The only real problem with this car is the price — relative to the power/performance and what’s available for about the same money at a BMW (or Audi or Infiniti) store. Buick is a top-of-the-line brand in China, but here in the U.S., it’s still looked upon as entry-luxury. Thus, its price point is probably a bit too close for comfort to would-be competitors such as the BMW 3 Series and the Audi A4.
Buick can fix this easily, though, by notching up the turbo Regal’s power to 300 or so — enough to decisively outgun the comparably priced BMW 328i and and Audi A4.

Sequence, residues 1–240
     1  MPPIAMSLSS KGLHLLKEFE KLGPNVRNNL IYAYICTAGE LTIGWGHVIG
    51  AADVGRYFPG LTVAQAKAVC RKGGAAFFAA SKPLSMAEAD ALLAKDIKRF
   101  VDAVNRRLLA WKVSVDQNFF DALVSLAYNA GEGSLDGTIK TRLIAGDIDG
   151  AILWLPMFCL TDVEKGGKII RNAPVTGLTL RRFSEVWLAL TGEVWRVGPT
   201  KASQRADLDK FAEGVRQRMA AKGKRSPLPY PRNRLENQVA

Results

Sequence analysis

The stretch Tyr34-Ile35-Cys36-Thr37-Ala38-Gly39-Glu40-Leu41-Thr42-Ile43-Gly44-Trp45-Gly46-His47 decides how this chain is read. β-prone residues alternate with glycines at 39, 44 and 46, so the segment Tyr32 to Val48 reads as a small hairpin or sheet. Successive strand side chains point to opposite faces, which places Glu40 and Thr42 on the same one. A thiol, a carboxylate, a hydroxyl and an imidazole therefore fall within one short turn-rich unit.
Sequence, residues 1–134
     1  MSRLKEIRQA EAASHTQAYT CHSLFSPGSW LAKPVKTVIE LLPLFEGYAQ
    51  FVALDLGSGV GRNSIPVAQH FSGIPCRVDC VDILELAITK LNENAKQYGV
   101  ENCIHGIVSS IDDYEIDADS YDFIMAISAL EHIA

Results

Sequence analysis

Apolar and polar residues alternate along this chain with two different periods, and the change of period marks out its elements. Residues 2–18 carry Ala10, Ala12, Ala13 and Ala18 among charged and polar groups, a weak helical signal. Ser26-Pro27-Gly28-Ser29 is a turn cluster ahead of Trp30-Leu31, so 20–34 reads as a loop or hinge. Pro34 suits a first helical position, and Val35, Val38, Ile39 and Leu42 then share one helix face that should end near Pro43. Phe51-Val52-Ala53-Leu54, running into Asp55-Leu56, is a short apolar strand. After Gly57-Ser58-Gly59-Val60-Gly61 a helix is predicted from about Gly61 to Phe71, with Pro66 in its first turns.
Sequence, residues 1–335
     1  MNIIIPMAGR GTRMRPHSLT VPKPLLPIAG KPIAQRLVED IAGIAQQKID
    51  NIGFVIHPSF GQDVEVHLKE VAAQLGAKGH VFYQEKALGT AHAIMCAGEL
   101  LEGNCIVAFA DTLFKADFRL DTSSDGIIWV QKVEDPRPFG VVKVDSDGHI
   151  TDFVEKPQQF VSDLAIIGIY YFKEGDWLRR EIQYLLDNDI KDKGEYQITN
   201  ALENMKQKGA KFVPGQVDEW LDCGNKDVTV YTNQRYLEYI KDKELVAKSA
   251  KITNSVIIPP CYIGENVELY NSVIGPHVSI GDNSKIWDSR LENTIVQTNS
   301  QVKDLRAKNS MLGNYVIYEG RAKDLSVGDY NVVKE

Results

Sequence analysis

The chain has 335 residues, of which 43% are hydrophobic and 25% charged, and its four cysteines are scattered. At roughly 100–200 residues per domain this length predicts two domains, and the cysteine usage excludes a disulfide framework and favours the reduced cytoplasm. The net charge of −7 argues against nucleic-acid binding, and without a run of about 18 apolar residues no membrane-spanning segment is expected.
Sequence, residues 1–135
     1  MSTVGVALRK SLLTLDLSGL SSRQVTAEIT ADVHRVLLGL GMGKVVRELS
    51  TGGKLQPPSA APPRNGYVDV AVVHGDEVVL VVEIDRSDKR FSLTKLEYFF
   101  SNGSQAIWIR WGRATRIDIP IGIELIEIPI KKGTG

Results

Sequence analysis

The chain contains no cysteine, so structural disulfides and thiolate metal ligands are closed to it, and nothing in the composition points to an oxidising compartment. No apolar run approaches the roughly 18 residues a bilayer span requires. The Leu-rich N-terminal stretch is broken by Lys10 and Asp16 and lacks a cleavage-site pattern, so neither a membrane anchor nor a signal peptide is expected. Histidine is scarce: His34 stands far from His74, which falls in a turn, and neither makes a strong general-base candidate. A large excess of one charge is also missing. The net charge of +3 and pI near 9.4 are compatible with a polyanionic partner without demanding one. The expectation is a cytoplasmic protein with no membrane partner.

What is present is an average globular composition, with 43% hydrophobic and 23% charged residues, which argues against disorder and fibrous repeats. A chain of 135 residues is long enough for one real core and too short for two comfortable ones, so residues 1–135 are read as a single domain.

But, there is an important point to make here in the Buick’s defense. While it’s true that the BMW 3 and Audi A4 have base prices in the same basic ballpark as the Buick, that’s deceptive because of the way adding even a few options to a car like the BMW can easily push its MSRP to $40,000 or more. A comparably performing Volvo S60 T6 starts at $38,450.
On the other hand, my test car GS topped out at $35,600 loaded to the doorsills with all the regular Regal’s options standard — including a high-end, nine-speaker Harmon Kardon surround-sound stereo, full leather, heated seats, keyless ignition — plus the optional 20-inch performance wheel/tire package, navigation and a sunroof.
Now that’s a good deal.
If it had 300 hp and could get to 60 in less than six, it’d be a great deal.
THE BOTTOM LINE
Wilfred’s gonna be unhappy.